“It’s like someone brings you a plate and fills it up with food, and do you have to eat it all? I don’t think so…albums, they were just about right, for the American listening public,” Henry Threadgill said about a year ago. He and his band Zooid had just completed their first album for Pi recordings in eight years, This Brings Us To, Volume I, and it was a tease. Falling just under the 40-minute mark and remarkably understated, it didn’t feel like the grand-slam comeback that fans of composed avant-garde jazz were rooting for. At least, that’s not what you got from the first, second, or third listen. No, this band was up to something very different; Threadgill and his Zooid quintet had spent the better part of a decade embarking on a mission to destroy jazz clichés.
Step one: forget the normal rules of composition and improvisation. Threadgill, a flute and saxophone virtuoso, has constructed an interval-based approach to his compositions. This is nothing like the fakebook approach where chords and melody are mapped out together. The members of Zooid—Threadgill, guitarist Liberty Ellman, bassist Tomu Takeishi, drummer Elliot H. Kavee and Joe Davila, doubling up on trombone and tuba—are assigned “interval blocks”. Step two: become familiar with this new way of improvising. Just because you aren’t tied down by old rules doesn’t mean you don’t have to listen closely to one another anymore. On the contrary, you probably have to do it more, since you might not be working in a traditional key signature. Step three: make some killer recordings out of it.
Produced by Ellman, both volumes of This Brings Us To came from the same late 2008 recording sessions. Unsurprisingly, the albums sound like fraternal twins. Picking a favorite between the two is a matter of splitting hairs. Both albums are more or less nudged into action, most songs beginning in strangely unassuming ways. Threadgill himself, like last time, allows his understudies to set the scene for two or three minutes before he enters the picture. Kavee’s drumming style is light and rapid, slicing up the syncopation like it was as easy as breathing. A majority of the five songs here end in a fashion similar to someone gently closing the door behind them without speaking. Although Threadgill is teaching his band new ways to rethink improvisation, his own style of taking the lead has noticeable ties to his past, from his early Novus days through the Air trio up to his Make a Move ensemble. The choppy, ascending intervals, the reluctant and rapid succession of one note, saying no more than he has to; how could these traits not carry over? He’s human.
This is a credit to This Brings Us To, Volume II. This new approach to playing jazz seems mathematical in theory and therefore threatens to sound sterile in practice. It does not. Zooid sounds as fluid and soulful as a late-night jam lubricated by wine and spirits. It doesn’t obtusely go over your head or play down to you. It is the sound of many things happening, yet not overloading the ears and brain. It is music, of formulaic origin yet driven by the human touch.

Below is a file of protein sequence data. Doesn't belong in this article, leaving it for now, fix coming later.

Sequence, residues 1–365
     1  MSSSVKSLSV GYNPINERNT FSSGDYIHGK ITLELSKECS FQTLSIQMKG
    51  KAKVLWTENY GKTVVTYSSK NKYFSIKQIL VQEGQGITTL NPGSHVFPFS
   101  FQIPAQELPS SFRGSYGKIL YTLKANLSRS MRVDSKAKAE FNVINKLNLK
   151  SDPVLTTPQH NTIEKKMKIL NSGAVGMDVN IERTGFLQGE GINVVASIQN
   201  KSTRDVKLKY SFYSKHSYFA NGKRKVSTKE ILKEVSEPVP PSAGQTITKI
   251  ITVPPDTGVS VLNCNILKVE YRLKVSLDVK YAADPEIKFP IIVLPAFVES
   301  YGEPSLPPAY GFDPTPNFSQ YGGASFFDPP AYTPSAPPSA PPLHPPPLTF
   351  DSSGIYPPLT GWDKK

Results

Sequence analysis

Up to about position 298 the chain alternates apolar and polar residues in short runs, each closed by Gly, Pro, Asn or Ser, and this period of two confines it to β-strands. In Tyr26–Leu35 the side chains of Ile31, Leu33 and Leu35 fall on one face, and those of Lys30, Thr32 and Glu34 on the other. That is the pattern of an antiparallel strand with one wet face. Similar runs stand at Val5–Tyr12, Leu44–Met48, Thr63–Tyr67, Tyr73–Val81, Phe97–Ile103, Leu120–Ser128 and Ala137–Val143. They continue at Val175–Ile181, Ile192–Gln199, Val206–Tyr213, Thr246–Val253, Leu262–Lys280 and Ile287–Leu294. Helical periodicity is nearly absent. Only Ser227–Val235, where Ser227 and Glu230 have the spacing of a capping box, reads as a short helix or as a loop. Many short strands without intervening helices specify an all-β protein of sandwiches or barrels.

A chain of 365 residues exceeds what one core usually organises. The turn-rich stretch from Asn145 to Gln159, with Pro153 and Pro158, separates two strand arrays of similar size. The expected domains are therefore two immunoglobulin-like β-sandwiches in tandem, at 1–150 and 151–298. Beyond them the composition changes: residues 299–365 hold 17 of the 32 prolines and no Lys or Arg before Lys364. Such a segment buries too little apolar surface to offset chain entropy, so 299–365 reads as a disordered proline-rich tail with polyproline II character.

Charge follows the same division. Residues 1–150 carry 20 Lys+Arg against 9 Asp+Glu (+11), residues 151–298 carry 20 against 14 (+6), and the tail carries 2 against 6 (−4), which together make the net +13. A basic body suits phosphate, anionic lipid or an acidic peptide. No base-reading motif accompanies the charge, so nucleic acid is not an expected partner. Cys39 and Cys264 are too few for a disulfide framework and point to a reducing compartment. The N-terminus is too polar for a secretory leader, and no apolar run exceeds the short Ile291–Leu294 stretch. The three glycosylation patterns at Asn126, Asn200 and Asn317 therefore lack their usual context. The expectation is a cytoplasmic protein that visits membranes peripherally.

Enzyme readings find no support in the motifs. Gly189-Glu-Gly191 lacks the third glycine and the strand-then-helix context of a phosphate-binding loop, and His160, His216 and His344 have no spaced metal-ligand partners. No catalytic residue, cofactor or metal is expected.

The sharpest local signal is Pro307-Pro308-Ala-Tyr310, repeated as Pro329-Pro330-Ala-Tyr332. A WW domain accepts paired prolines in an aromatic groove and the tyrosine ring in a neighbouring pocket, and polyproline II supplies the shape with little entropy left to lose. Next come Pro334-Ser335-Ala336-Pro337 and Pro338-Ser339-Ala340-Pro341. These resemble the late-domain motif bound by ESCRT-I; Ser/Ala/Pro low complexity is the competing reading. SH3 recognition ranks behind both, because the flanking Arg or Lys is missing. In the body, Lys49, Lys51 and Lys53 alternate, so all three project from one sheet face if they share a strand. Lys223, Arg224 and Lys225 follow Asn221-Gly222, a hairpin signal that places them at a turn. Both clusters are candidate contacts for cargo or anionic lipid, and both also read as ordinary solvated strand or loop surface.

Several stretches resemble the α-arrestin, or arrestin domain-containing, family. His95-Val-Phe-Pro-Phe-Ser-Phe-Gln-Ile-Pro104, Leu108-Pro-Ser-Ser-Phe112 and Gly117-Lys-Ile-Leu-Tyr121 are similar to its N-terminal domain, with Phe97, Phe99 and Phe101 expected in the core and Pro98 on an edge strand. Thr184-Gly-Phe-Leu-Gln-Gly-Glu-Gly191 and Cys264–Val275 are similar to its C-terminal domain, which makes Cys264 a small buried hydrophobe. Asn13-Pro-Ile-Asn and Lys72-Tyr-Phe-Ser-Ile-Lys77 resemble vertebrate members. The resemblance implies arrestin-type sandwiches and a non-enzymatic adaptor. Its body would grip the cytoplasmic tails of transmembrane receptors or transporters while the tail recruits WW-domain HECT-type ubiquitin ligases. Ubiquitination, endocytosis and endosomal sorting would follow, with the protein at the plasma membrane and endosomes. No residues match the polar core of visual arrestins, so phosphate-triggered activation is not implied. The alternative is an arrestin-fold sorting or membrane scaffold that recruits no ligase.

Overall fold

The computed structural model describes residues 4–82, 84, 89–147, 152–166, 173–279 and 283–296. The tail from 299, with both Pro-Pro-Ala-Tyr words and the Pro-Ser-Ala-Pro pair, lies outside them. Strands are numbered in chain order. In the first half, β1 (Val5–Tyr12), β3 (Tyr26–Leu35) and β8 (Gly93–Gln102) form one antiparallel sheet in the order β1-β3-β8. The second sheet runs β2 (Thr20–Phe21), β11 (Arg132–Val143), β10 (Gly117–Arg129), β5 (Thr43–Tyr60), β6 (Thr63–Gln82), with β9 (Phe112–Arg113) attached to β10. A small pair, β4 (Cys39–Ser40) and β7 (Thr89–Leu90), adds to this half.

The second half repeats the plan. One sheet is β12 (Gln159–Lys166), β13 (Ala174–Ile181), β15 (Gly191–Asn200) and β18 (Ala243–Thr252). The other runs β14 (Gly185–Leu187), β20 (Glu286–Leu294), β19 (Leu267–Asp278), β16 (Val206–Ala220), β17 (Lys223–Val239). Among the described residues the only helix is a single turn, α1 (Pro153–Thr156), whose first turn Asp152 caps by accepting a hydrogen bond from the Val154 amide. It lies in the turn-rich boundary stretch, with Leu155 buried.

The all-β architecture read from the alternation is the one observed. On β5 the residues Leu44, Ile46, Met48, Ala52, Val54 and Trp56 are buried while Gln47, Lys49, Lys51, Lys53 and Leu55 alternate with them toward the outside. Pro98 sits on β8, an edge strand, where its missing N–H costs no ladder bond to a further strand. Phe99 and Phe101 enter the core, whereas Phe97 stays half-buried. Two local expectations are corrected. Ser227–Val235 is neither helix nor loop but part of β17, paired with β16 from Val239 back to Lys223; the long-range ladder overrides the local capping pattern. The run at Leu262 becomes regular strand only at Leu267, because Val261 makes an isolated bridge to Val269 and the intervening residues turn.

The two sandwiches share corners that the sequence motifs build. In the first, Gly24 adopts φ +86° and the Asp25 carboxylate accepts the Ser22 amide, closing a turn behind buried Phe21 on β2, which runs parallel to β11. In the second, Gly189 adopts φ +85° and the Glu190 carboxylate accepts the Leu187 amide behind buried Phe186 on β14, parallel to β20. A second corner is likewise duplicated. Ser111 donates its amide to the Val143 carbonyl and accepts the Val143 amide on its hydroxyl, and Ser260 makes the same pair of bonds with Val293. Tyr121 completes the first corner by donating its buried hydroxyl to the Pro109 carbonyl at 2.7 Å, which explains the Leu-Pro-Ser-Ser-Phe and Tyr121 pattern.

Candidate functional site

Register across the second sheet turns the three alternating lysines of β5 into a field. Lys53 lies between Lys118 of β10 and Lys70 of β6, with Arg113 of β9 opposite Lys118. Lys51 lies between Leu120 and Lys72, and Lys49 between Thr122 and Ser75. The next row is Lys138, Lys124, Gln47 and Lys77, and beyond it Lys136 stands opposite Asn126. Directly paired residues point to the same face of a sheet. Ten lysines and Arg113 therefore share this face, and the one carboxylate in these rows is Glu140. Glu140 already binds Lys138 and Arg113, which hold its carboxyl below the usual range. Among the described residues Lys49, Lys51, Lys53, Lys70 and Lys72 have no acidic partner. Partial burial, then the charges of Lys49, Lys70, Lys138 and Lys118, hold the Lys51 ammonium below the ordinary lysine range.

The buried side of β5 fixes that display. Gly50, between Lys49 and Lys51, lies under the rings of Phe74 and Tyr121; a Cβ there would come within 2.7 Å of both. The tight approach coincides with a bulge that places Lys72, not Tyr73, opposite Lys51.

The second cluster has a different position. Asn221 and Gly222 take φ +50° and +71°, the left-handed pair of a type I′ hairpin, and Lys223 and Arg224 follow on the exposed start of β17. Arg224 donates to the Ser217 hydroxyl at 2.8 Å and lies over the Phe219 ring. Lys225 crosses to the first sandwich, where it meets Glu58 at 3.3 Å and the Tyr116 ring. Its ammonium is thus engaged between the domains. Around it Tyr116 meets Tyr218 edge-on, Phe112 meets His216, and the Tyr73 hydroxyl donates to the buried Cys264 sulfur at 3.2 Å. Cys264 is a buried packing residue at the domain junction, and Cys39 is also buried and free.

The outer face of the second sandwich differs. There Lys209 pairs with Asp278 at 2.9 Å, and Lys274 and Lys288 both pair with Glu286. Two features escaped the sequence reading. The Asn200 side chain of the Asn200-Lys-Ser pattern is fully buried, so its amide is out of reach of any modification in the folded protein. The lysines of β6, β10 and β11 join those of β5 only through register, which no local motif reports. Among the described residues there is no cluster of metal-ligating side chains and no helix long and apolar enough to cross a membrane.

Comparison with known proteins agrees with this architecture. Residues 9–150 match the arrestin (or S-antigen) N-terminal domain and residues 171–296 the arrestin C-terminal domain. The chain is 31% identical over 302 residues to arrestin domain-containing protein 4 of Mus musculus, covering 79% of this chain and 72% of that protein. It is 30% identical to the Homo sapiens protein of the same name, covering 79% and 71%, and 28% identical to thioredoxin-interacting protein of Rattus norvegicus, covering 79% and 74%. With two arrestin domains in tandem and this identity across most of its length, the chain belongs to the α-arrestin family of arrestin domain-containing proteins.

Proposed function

Not everyone can do this. Threadgill was new, interesting and daring at the start of his career…30 years ago. He remains new, interesting, and daring today, and for that he should be considered a national treasure. His lack of activity during the past decade was cause for worry (2005’s vinyl-only Pop Start the Tape, Start doesn’t seem to count in many online discographies). Speaking for myself, I was afraid we had heard the last of Threadgill. The arrival of last year’s This Brings Us To, Volume I was a subdued one, seemingly refusing to carry any zinger tracks. I would not be surprised if it took all of those AACM fans a long time to warm up to it. Yet when you think outside of the terms of Henry Threadgill’s career, it was a bombshell of a step that needed to be taken for music. Does trad jazz always have to be sectioned off carefully into blocks? Does free jazz always have to be noisy, formless racket? Are those your only two options? Zooid’s two recent releases have paved the way for avant-garde jazz improvisation to go the way of conversation: talking, trading ideas, encouraging each other to reach another level no one has bothered looking for, and giving the listener an entirely brand new sound.
I had a music theory professor who once said “a musician will blacken your eye if you apply the word ‘repetition’ to what they do.” It’s an appropriate word to describe “Jumping Jack Flash” and Beethoven’s 5th, isn’t it? What Henry Threadgill has accomplished has no repetition. If there are patterns, they are thickly wrapped and deeply buried in the delicate sound that is Zooid. Once again, Pi recordings has given us one of the best albums of the year.
// Sound Affects
"The man whose songs were recorded by Johnny Cash, Alan Jackson, Ricky Skaggs, David Allan Coe, The Highwaymen, and countless others succumbs to time’s cruel cue that the only token of permanence we have to offer are the effects of shared moments and memories.READ the article